NEW INCREASED OFFER: 60,000 points! With great travel benefits, 2x points on travel & dining and a 60,000 point sign up bonus worth up to $1,200 in value, the Chase Sapphire Preferred is a great card for those looking to get into the points and miles game. Here are the top 5 reasons it should be in your wallet, or read our definitive review for more details.

Apply Now
More Things to Know
  • Earn 60,000 bonus points after you spend $4,000 on purchases in the first 3 months from account opening. That's $750 toward travel when you redeem through Chase Ultimate Rewards®
  • Chase Sapphire Preferred named "Best Credit Card for Flexible Travel Redemption" - Kiplinger's Personal Finance, June 2018
  • 2X points on travel and dining at restaurants worldwide & 1 point per dollar spent on all other purchases.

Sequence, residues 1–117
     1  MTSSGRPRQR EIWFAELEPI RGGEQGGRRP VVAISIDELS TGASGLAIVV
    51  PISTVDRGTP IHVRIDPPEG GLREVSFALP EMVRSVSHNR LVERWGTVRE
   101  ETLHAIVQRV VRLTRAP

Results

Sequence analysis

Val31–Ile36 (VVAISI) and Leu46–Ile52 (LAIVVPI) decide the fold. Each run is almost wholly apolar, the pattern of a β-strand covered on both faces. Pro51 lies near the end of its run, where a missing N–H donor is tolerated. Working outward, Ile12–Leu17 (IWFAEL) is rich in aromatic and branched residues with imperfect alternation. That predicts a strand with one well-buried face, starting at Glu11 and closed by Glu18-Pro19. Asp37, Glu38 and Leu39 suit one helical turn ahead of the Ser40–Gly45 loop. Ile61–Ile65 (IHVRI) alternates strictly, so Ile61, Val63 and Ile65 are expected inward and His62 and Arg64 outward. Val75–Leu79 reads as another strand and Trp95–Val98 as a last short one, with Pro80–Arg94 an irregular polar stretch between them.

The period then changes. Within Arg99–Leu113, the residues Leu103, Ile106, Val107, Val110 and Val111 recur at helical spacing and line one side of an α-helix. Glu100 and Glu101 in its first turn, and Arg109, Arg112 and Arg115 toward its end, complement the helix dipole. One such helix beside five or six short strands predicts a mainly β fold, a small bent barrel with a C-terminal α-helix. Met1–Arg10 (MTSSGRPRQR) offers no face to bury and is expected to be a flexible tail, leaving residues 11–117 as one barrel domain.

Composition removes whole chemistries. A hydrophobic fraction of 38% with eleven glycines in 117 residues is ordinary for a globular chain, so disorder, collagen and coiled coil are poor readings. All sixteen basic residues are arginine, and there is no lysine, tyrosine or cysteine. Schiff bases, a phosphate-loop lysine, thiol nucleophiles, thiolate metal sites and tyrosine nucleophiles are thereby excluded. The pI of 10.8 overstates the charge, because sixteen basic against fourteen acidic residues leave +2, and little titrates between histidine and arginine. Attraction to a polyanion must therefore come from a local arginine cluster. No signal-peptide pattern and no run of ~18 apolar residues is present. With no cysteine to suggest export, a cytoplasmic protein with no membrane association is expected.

• No foreign transaction fees
  • 1:1 point transfer to leading airline and hotel loyalty programs
  • Get 25% more value when you redeem for airfare, hotels, car rentals and cruises through Chase Ultimate Rewards. For example, 60,000 points are worth $750 toward travel
  • No blackout dates or travel restrictions - as long as there's a seat on the flight, you can book it through Chase Ultimate Rewards
Intro APR on Purchases
N/A
Regular APR
18.24% - 25.24% Variable
Annual Fee
$95
Balance Transfer Fee
Either $5 or 5% of the amount of each transfer, whichever is greater.
Recommended Credit
Excellent Credit

Editorial Disclaimer: Opinions expressed here are the author’s alone, not those of any bank, credit card issuer, airlines or hotel chain, and have not been reviewed, approved or otherwise endorsed by any of these entities.

Disclaimer: The responses below are not provided or commissioned by the bank advertiser. Responses have not been reviewed, approved or otherwise endorsed by the bank advertiser. It is not the bank advertiser’s responsibility to ensure all posts and/or questions are answered.